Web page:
Before joining the NEA, he served for seven years as producing director and managing director for Deaf West Theater (DWT) where he received a Tony and a Drama Desk nomination for producing the Broadway sign language production of Big River and received three Ovation Award nominations for his work on the production of Big River at Deaf West (as producer, sound designer and lead actor). That production went on to win three Best Musical awards (Ovation, LADCC and Backstage Garland) and the cast of Big River was awarded the 2004 Tony Honor for Excellence in the Theater. Other productions he produced for Deaf West include A Streetcar Named Desire (Ovation Award—Best Play) and Oliver! (Ovation Award—Best Musical). He has appeared in Deaf West productions of True West (Austin) and Big River (Backstage West Garland Award for Lead Actor, Helen Hayes Nomination for Outstanding Lead Actor).

His advocacy efforts on behalf of the Individuals with Disabilities in Education Act of the U.S. Department of Education helped garner Deaf West Theatre the Secretary of Health and Human Services Highest Recognition Award for “bridging the gap between the deaf and hearing worlds through theatre.”

In addition, O'Brien has served as executive vice president on the executive board of the National Alliance for Music Theatre and as a task force member, conference speaker, and grant panelist with Theatre Communications Group, both national service organization for the theater and musical theater fields.

O'Brien also performed onstage in 48 states in numerous national touring and regional productions, was an American College Theatre Festival Irene Ryan Acting Competition National Finalist and has recurred in all seven seasons as Kenny (Marlee Matlin's voice/interpreter) on NBC's Emmy Award- and Peabody Award-winning series The West Wing. teacher/artist training for a science museum, an art museum, and a national arts provider. She holds a Master of Arts degree in Interdisciplinary Studies and has been an adjunct instructor of art at a community college for over 17 years.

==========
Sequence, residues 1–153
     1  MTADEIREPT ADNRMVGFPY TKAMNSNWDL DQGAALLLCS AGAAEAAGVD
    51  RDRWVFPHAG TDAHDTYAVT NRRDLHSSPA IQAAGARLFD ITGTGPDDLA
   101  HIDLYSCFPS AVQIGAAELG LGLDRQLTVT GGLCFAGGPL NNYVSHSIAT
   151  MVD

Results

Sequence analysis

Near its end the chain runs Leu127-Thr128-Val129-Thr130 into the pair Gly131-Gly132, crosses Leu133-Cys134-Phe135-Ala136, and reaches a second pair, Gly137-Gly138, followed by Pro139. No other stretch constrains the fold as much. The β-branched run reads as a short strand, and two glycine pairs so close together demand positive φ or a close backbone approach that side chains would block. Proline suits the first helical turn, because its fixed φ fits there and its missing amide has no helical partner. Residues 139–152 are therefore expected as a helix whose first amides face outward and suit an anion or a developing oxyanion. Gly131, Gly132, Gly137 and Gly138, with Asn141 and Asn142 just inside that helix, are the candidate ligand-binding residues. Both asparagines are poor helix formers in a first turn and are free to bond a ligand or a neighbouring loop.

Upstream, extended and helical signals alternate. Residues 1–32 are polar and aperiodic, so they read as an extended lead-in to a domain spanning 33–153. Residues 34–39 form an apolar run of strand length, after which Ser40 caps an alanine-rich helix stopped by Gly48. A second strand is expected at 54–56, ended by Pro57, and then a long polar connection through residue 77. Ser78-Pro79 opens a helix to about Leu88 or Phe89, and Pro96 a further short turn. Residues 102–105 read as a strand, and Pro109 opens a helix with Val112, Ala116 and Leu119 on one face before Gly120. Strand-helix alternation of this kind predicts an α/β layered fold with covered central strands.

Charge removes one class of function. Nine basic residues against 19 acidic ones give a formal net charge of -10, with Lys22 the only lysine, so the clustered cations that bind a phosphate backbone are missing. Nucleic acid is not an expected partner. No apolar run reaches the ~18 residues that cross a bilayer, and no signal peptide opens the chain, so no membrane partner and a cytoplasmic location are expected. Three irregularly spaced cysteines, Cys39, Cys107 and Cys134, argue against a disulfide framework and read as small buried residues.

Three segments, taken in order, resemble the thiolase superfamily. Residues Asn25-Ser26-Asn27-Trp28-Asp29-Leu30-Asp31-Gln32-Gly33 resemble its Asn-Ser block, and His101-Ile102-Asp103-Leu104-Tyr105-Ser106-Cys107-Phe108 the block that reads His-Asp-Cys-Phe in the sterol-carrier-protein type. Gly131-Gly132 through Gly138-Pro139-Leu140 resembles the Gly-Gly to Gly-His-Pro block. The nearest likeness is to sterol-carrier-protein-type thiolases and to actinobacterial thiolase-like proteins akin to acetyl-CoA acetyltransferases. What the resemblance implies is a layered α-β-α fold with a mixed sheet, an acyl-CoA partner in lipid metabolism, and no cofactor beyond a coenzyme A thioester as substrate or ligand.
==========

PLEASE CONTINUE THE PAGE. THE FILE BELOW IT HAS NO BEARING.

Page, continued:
Here is the first question posed to the panel:

What forces are driving emerging energy at art / science intersections?  What are people hoping to achieve here?  What do you see as being possible to achieve?

Rieko:  What’s interesting and exciting is that I see connections between art/design + science being driven largely at the grass-roots level by practitioners.  The arts + sci movement isn’t being mandated from the top; rather, it’s a bottoms-up movement for which our systems and institutions may not fully understand nor know how to adapt to yet.  These practitioners are driven by their own curiosity and interests, either through collaboration with those outside of their field or by drawing on their own talents in both arts and science.  A second driver is the awareness that creativity and innovation is spurred by bridging perspectives from multiple disciplines.  Ultimately, I would like to see these efforts lead to better understanding about how we create – and share - new knowledge, especially in the sciences.    

Julia:  I think that most people, whether they come to it on their own or are introduced to it by another, think the idea of art and science interacting as utterly refreshing.  The experience of having to choose science over art (or vice versa) in college is an unfortunate and common one. While I doubt that reforming our approach to college education will occur within the near future (I was lucky to attend one college which did – Hampshire College), having to choose one major over another does not stamp out the guitarist in an RNA biologist, the neuroscience-lover in a conceptual artist. Given our breadth of abilities as humans it should not be surprising to hear about someone who is a neuroscientist by day and fiction writer by night, but it is. The idea of being able to pursue art and science concurrently, and the idea of art and science working together, opens up life in a wonderful way because it reminds people they do not have to limit themselves. In this way, the possibilities are endless.